Title: Towards a Cell Based Bioelectronic Nose
Other Titles: Ontwikkeling van een bio-elektronische neus op basis van geïmmobiliseerde olfactorische neuronen
Authors: Micholt, Evelien; M0317414
Issue Date: 17-Mar-2014
Abstract: Electronic noses are devices that combine gas sensors with a pattern recognition system. They have been advocated as a fast and cheap alterna-tive to human sensory panels or analytical instruments such as GC-MS. However, they cannot cope with presence of certain volatiles that, even in very low concentrations, impart a particular character to an aroma, giving it that specific note which makes it distinguishable from another similar scent. With the intention to combine the best of both biological and electronic systems, the main objective of this thesis was to investigate the potential of connecting the biological aroma sensors – the olfactory receptor neurons – with an optical or electronic transducer platform to measure their response to aroma components. In a first step, a system was constructed to produce different aromas in a controlled way to calibrate and train bioelectronic noses. Hereto the aroma space spanned by a large number of volatiles was projected onto a low dimensional space. An algorithm was developed to construct basic mixtures – combinations of a limited number of specific volatiles – that serve as basis vectors of this reduced order aroma space. A particular aroma that was an element of the original aroma space could then be reconstructed by blending specific amounts of the different basic mixtures. In order to test the concept, a real time aroma synthesizer was constructed. The device consisted of a sphere in which the basic mixtures were blended and vaporized using pressurized nozzles. The aroma of five citrus fruit species (orange, lemon, lime, grapefruit and mandarins) was measured by means of GC-MS and reconstructed using four basic mixtures. The reconstructed aromas for lime and lemon could be classified correctly by the statistical model that was used to define the relevant aroma components. The aromas for orange, tangerine and grapefruit had lower correct classification rates. Second, rat olfactory receptors were evaluated as building blocks of a bioe-lectronic nose. It was studied whether rat olfactory receptor neurons could be maintained in vitro and their response to aroma components was ana-lysed with calcium imaging. Two embryonic cultures from day 17 and day 20 were set up, both of them proved to be odorant responsive. On the other hand, it was concluded that the density of olfactory receptor neurons that could be reached in culture was not high enough to use these cultures in combination with micro electrode arrays and a new method needed to be developed to reach higher densities in olfactory neurons.Therefore, in a last step, acute olfactory epithelial slices were made and placed on top of a micro electrode array (MEA) device. This is a powerful platform to study the spatial electrical activity of the olfactory receptor neurons in sliced layers of the epithelium. By choosing a sagittal slicing direction for the olfactory epithelium, better signal-to-noise ratios could be obtained in comparison to transversal slices. The mean spike frequency of the olfactory receptor neurons inresponse to different concentrations of isoamyl acetate appeared to be following an exponential curve, saturating at higher levels of the odorant. Due to the low amount of points and re-peats of these measurements, the exponential curve might only be an approximation of the actual course of the receptor neurons responses. A spatial map also showed increasing spike frequencies with increasing iso-amyl acetate concentration over the different recording sites on the slice. When alternating the application of isoamyl acetate and L-carvone, two typical aroma volatiles, on the slices, the spatial map of the spike frequen-cies also showed a different activity pattern for both odorants.<w:latentstyles deflockedstate="false" defunhidewhenused="true"  <w:lsdexception="" locked="false" priority="0" semihidden="false"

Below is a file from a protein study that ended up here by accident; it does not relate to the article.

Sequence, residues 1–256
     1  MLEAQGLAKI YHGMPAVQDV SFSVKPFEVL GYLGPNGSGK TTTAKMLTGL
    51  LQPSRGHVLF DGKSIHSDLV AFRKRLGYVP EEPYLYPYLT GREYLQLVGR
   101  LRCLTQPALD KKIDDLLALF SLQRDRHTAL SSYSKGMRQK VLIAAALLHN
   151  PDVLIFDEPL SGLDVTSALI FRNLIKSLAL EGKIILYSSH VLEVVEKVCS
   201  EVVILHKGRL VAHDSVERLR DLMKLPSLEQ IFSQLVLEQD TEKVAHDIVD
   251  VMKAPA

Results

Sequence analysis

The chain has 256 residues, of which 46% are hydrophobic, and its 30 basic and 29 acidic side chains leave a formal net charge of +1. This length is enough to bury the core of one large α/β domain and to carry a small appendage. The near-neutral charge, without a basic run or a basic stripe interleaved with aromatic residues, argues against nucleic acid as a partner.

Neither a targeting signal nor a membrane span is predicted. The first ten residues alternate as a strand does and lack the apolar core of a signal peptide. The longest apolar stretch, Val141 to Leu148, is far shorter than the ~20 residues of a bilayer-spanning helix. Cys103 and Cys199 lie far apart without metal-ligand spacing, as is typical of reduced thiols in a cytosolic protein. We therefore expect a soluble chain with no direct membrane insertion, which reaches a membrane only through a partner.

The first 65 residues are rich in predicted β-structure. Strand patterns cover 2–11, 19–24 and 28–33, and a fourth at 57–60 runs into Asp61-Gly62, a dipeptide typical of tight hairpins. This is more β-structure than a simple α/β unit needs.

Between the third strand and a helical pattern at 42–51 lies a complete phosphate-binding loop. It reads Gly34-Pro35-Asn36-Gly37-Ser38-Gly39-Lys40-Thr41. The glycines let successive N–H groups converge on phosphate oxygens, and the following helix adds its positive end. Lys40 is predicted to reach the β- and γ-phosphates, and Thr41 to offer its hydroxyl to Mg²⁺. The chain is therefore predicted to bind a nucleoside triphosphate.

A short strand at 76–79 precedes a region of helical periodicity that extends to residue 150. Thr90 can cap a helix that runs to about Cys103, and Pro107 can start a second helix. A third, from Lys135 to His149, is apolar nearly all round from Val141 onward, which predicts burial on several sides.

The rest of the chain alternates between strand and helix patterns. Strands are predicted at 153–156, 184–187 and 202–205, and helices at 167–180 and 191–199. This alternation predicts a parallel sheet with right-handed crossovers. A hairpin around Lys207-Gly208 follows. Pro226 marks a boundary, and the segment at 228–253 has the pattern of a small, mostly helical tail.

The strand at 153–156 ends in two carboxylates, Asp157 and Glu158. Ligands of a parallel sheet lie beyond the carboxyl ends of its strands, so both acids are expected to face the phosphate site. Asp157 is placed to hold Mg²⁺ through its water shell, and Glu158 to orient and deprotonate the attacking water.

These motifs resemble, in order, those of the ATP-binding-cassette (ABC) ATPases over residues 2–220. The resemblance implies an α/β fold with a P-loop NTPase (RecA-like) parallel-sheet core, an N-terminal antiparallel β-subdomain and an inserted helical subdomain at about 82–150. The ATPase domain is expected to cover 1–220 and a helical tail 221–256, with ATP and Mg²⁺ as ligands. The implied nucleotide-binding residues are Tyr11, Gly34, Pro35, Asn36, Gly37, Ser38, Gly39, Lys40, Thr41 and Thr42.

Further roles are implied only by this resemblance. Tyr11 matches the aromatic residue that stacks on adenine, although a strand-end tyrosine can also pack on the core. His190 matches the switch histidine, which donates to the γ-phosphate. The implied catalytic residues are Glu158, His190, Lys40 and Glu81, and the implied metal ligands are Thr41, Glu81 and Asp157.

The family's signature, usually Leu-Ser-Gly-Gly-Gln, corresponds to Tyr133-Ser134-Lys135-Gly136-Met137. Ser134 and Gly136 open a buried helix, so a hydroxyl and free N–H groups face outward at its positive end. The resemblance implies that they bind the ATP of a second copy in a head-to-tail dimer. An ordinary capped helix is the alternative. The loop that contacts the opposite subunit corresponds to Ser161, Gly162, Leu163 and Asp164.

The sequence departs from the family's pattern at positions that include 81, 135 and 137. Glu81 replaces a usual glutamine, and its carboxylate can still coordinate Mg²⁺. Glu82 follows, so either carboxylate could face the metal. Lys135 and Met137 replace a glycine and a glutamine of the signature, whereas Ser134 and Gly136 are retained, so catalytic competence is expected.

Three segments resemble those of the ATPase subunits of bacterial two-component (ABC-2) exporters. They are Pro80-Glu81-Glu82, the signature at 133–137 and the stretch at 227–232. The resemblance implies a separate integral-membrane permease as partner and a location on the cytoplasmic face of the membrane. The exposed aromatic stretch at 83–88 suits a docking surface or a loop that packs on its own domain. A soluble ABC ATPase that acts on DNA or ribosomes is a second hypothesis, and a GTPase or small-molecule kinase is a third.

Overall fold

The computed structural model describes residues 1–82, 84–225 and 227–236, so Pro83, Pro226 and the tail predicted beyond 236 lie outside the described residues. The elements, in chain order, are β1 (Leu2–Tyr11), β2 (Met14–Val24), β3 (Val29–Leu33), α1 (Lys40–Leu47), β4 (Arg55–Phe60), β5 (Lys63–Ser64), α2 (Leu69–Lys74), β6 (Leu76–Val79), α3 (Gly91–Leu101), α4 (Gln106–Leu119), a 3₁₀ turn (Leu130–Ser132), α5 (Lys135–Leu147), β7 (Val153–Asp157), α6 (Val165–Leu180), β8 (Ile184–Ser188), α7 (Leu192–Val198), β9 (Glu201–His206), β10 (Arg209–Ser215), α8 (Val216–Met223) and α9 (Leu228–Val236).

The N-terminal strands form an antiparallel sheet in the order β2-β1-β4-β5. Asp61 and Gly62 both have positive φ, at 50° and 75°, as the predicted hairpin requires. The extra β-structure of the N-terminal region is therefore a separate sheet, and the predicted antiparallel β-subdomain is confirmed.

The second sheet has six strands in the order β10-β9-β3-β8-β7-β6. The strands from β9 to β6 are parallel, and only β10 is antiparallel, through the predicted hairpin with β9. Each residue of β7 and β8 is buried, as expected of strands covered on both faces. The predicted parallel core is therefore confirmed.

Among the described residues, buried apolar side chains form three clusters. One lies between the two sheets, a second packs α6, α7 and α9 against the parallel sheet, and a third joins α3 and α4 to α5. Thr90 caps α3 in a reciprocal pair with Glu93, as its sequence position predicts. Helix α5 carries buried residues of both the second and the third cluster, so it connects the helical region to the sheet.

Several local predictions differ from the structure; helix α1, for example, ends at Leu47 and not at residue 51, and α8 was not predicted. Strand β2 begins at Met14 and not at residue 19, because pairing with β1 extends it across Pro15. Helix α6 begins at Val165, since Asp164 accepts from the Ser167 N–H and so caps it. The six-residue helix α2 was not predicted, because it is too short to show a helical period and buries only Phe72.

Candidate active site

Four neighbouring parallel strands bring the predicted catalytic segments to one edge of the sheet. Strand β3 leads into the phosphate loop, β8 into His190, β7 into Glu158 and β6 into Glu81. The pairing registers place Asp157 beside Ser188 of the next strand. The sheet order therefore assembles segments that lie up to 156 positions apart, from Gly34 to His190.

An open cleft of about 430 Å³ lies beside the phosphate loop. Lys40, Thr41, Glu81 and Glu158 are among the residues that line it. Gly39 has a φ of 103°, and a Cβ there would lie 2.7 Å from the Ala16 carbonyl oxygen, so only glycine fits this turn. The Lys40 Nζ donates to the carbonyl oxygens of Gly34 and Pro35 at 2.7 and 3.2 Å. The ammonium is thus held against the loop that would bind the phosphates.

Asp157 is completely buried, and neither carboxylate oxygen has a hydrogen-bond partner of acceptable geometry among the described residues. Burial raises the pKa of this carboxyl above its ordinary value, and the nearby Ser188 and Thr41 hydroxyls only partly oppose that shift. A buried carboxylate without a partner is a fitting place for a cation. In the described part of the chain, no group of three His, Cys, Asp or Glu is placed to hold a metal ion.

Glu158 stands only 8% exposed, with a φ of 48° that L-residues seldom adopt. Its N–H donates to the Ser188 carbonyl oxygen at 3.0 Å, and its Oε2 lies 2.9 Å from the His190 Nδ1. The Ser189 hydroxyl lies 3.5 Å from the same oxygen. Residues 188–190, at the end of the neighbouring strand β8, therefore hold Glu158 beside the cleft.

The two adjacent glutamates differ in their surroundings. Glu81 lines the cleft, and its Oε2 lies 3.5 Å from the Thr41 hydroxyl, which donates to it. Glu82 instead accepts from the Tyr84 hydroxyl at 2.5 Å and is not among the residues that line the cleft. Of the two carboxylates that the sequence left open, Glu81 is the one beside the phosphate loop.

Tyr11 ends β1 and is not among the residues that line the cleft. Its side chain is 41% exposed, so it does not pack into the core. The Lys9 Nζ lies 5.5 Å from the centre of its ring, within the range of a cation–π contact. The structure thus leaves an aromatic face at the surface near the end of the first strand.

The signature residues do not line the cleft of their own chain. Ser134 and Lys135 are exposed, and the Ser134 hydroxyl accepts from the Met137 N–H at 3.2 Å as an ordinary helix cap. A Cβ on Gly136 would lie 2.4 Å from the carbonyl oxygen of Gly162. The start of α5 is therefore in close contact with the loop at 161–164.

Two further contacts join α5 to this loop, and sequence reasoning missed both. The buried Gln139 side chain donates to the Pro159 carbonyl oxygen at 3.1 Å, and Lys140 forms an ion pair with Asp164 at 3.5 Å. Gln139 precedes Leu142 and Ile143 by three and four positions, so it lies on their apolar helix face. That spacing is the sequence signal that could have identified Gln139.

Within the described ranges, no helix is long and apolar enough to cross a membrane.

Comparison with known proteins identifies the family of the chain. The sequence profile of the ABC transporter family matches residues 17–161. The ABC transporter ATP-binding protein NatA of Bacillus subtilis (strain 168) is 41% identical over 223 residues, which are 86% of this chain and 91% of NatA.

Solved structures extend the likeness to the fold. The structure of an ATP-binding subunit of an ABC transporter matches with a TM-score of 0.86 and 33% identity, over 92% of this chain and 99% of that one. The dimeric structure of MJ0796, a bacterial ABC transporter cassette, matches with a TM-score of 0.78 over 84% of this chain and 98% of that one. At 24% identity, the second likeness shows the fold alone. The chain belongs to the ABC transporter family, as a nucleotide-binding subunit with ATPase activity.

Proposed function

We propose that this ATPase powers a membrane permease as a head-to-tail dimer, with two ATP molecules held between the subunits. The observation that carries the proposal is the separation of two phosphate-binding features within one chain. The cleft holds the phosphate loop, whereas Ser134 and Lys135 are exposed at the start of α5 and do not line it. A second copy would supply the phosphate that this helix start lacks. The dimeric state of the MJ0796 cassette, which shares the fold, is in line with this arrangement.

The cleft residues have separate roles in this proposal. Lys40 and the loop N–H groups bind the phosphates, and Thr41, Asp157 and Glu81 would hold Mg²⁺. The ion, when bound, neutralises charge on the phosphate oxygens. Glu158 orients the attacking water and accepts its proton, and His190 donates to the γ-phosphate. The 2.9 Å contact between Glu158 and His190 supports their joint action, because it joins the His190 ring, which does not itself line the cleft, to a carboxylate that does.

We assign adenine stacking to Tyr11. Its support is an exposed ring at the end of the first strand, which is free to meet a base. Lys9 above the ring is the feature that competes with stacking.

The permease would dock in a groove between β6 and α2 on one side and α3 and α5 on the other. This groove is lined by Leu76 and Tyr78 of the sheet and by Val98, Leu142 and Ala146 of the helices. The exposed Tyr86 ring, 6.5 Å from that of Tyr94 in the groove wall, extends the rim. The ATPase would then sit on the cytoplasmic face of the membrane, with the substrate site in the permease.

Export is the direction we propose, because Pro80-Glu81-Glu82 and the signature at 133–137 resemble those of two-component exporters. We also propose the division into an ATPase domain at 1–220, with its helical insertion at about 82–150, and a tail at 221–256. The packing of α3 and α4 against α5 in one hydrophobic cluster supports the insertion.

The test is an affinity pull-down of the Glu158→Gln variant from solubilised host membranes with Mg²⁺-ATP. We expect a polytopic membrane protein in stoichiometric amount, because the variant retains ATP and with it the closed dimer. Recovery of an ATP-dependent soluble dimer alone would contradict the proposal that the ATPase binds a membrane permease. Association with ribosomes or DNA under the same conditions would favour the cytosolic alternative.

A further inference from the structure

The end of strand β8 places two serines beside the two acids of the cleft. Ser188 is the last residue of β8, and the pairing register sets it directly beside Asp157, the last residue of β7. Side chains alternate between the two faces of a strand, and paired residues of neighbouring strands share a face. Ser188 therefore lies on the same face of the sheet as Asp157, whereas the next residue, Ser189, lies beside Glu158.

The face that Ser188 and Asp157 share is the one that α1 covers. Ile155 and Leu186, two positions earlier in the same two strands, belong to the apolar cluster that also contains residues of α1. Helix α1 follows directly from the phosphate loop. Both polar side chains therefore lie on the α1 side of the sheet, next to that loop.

Publication status: published
KU Leuven publication type: TH
Appears in Collections:Division of Mechatronics, Biostatistics and Sensors (MeBioS)
Solid State Physics and Magnetism Section

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